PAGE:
The resulting short documentary, “Dastaar: Defending Sikh Identity,”
eventually made its way to my co-worker’s son’s classroom, and it was
also broadcast on PBS in New York City. The Sikh Coalition adopted it as
their video of choice to show at schools and government agencies across
Rajinder Singh Khalsa, the beating victim, suggested I
make a feature documentary on Sikhism, with him as the on-camera guide.
His insights into Sikhism were always colorful, even when they were
somewhat questionable. (“You know why there are no Buddhists left in
India?” he asked. “Because they were too peaceful and got chased away.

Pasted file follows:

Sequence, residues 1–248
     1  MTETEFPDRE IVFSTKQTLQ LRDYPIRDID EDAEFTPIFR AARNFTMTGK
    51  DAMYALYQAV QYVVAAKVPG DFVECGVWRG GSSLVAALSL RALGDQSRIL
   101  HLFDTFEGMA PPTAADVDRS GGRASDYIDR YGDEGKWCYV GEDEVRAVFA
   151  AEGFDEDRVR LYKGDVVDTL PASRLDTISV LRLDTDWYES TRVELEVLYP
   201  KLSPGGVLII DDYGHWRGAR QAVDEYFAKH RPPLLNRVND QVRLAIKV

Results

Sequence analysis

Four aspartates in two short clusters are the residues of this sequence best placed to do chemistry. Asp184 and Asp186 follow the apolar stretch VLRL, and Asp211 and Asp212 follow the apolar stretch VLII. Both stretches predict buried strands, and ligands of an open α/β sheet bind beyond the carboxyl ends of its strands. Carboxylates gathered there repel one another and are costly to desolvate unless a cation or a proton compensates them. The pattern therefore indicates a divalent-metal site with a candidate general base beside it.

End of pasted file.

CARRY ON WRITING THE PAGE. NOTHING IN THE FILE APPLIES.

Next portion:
You can’t just be peaceful all the time, you have to stand up for
On and off we worked on this documentary for the next three
years. We didn’t quite finish it, but the journey became its own
destination. We went to India together, staying in gurdwaras for three
weeks and observing Sikhism in its homeland. We visited the Sikh holy
city of Amritsar and its most sacred site, the Golden Temple, a building
that is so beautifully conceived that the sunrise seems to ignite it
with the light of heaven.
And yet throughout the journey I found myself
searching for signs of corruption and hypocrisy in the organized aspect
of the faith, or anything to cast a more critical view. Old habits die